On a cool, crisp autumn day, I felt the need to push myself, to reassure myself, to re-awaken myself.
    To test my physical limits and more importantly, my mental limits.
    To renew my obligation to myself to live life to the fullest.
    And so began the climb.

    Rough-hewn stone steps, a thousand in number, etched into the side of this imposing mountain.
    Along each side of the trail, pines and maples dressed in shades of red and gold adorned the view.
    The trickling of early morning ice cover melting and dripping across the path.
    Jagged, tilted gray slabs of stone upon whose foundation I entrusted my life.

    With each step taken, there was a renewal of my life’s energy stream, a renewal of hope.
    Each step bringing me closer to the summit,
    I paused to catch my breath.
    Looking downward the world looked so small, looking upward the crest was still out of sight.

    Placing my feet firmly on the step that had the number 999 painted on its surface, I stopped.
    I stopped to give thanks to my Creator who had helped me to reach this point in my life,
    this point in my recovery from an earlier heart attack.
    Stepping onto the final step, I cried out in jubilation!

    Standing at the top of Jack’s Mountain, I gazed down upon the valley below.
    So serene a scene, so unaware of what had been accomplished by this tired, sweaty climber.
    It meant the world to me and still does.
    And when those days come when I’m feeling a bit overwhelmed,
    I think of that climb on that cool, crisp day in autumn
    and a smile spreads across my face.

    Like

  3. michele348

    The Climb~~~
    On a cool, crisp autumn day, I felt the need to push myself, to reassure myself, to re-awaken myself.
    To test my physical limits and more importantly, my mental limits.
    To renew my obligation to myself to live life to the fullest.
    And so began the climb.

    Rough-hewn stone steps, a thousand in number, etched into the side of this imposing mountain.
    Along each side of the trail, pines and maples dressed in shades of gold and red adorned the view.
    The trickling of early morning ice cover melting and dripping across the path.
    Jagged, tilted gray slabs of stone upon whose foundation I entrusted my life.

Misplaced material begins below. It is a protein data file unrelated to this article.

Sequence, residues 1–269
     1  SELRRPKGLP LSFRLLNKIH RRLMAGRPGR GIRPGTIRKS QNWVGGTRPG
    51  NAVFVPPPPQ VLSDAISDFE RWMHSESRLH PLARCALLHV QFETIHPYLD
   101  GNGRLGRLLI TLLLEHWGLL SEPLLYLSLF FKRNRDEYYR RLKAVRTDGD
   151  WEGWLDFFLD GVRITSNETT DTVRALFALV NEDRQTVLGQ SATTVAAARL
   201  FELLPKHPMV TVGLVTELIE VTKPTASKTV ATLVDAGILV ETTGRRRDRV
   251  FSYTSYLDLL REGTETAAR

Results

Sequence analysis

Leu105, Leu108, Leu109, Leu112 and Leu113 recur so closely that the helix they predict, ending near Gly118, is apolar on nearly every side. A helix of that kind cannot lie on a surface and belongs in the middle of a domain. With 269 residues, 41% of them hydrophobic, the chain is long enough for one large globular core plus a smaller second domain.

With each step taken, there was a renewal of my life’s energy stream, a renewal of hope.
    Each step bringing me closer to the summit,
    I paused to catch my breath.
    Looking downward the world looked so small, looking upward the crest was still out of sight.

    Placing my feet firmly on the step that had the number 999 painted on its surface, I stopped.
    I stopped to give thanks to my Creator who had helped me to reach this point in my life,
    this point in my recovery from an earlier heart attack.
    Stepping onto the final step, I cried out in jubilation!

    Standing at the top of Jack’s Mountain, I gazed down upon the valley below.
    So serene a scene, so unaware of what had been accomplished by this tired, sweaty climber.
    It meant the world to me and still does.
    And when those days come when I’m feeling a bit overwhelmed,
    I think of that climb on that cool, crisp day in autumn
    and a smile spreads across my face.

    Liked by 1 person

  4. Sakshi

    “Made of books and playgrounds
    with secure roof over my head,
    I wonder if going home is still a familiar journey,
    for I, now know what reality tastes like.
    At 9 I knew what familiar, unfamiliar faces craved_
    a touch unwanted, unwelcome, undetected,
    unwashed, unforgettable,
    I wish to return to my age of innocence.”

    Thanks for another great session.

    Like